District Attorney’s office drops case against top officials at Trinity School of Midland
Nearly a year ago, four high-ranking officials with Trinity School of Midland were taken into custody by law enforcement for allegedly failing to report the abuse of a student.
Now, those charges against the administrators — which includes Shelby Hammer, the head of the school — have been dropped. The sudden dismissal came as the lawyers with the Midland County District Attorney’s office were in the middle of prosecuting the officials.
The Trinity School leaders were arrested after a former student came forward to law enforcement, detailing how she was sexually abused by a classmate in 2019. Even though the administrators were informed of the situation they allegedly did not contact the proper authorities which is required by state law.
According to court documents, prosecutors decided to drop the case following the testimony of Midland Police Sergeant Jennie Alonzo, who claimed she was directed to arrest the school administrators by Midland County DA Laura Nodolf.
“Sgt. Alonzo testified that she was acting only at the direction of District Attorney Nodolf, that she did not herself make the decision, and that if she had the opportunity to do it over she would not seek the arrest warrants,” Assistant District Attorney Tim Flathers wrote in his motion to dismiss the charges.
In a sworn affidavit responding to Alonzo’s testimony, Nodolf said the “information is false, misleading and incorrect.” Nodolf has come under fire in the past for being overly involved in police investigations, but those accusations were eventually dismissed.
On Thursday, she elaborated further in a written statement, saying Alonzo's testimony was "categorically false."
"Neither myself, nor any prosecutor in my office, possess the authority to direct any law enforcement agency to arrest, or not arrest, any suspect in a case," wrote Nodolf, who also said she initially found out Trinity officials were arrested through local news outlets.
This isn’t the first time Alonzo’s actions have come into question. She was also the lead detective in a high-profile case last year where five administrators at Midland Christian School were also arrested for allegedly failing to report the suspected abuse of a student.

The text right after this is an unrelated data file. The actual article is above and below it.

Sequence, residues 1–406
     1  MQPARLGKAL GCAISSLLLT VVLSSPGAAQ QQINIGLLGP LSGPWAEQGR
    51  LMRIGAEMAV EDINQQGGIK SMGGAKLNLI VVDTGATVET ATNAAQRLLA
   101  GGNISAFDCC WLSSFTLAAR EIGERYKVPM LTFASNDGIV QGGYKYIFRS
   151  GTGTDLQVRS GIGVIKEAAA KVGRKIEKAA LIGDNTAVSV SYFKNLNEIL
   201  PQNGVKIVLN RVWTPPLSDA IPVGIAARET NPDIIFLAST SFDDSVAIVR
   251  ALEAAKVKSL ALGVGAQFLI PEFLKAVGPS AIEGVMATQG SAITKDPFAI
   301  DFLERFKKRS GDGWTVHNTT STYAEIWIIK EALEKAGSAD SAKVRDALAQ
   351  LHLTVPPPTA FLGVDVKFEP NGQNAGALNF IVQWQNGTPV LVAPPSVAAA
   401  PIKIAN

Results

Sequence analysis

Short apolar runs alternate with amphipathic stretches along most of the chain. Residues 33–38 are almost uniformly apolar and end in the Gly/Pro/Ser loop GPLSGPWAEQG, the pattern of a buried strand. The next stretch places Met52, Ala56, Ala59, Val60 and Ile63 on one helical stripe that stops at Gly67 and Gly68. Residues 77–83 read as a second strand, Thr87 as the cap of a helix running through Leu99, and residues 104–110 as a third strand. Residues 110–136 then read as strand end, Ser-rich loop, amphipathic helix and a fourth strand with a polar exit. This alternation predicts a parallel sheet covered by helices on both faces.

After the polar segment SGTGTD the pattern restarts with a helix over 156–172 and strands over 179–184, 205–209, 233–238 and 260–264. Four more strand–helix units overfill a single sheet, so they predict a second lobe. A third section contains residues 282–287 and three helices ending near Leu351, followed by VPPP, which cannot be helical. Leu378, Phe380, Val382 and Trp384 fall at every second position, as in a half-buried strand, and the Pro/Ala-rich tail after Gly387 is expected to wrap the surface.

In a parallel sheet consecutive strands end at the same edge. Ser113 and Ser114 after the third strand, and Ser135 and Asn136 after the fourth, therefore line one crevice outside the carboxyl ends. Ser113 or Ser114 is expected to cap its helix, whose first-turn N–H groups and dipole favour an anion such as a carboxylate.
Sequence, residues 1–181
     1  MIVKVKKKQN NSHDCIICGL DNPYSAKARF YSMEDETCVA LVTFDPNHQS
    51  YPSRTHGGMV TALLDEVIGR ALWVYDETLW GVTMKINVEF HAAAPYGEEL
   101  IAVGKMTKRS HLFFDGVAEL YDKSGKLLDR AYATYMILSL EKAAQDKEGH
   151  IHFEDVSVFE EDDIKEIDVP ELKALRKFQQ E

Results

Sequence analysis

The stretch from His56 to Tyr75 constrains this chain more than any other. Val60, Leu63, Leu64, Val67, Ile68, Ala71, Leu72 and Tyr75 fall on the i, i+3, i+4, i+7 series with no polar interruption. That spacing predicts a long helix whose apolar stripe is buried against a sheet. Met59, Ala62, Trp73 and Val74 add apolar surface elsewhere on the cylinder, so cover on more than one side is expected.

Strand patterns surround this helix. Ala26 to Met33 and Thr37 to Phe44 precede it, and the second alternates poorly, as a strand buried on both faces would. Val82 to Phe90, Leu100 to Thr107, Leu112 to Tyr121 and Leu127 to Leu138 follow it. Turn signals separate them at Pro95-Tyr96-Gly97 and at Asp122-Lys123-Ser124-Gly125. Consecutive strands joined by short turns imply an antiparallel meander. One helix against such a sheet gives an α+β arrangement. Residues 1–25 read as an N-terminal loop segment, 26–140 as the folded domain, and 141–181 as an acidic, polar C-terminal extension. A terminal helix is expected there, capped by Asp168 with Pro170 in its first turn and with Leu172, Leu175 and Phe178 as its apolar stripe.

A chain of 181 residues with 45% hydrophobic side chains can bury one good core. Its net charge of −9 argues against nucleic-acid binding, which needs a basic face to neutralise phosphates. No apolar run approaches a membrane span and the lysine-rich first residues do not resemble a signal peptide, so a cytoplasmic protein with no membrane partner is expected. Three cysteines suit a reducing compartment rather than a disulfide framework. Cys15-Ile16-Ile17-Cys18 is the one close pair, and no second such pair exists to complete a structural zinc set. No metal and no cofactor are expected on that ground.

That investigation fell apart when a grand jury refused to indict the school leaders, and now those administrators are suing Alonzo and the City of Midland.
Midland Mayor Lori Blong released a statement on the charges against Trinity Schools officials being dropped. She said, “This has been a difficult season in the lives of many Midland families. My prayer is that the events of yesterday will be the first step toward healing.”
Even though the mayor wrote that the events surrounding this case will be “a topic of conversation and consideration,” Blong did not say if there would be any investigation into Alonzo’s conduct.
The defense attorneys representing the four Trinity School officials released a joint statement to local news outlets calling the dismissal a “hollow victory.”
“For 425 days, the Trinity administrators have suffered under the weight of false accusations. The Trinity family has been without its leaders, mentors, and role models.” The statement continued, “these people should never have been arrested, charged, or tried in the first place.”
Even though the charges were dropped, the prosecutors are adamant these dismissals are the result of false claims of one police officer — not because the school officials are innocent.
"The State continues to believe that there exists ample credible evidence showing the guilt of the defendants,” Assistant DA Flathers wrote in the motion to dismiss. “In particular, the decision not to go forward is in no way a reflection of the credibility of the child whose unreported abuse is the subject of these charges.”
This story was updated Friday, April 28 to include a written statement from Midland County's District Attorney Laura Nodolf.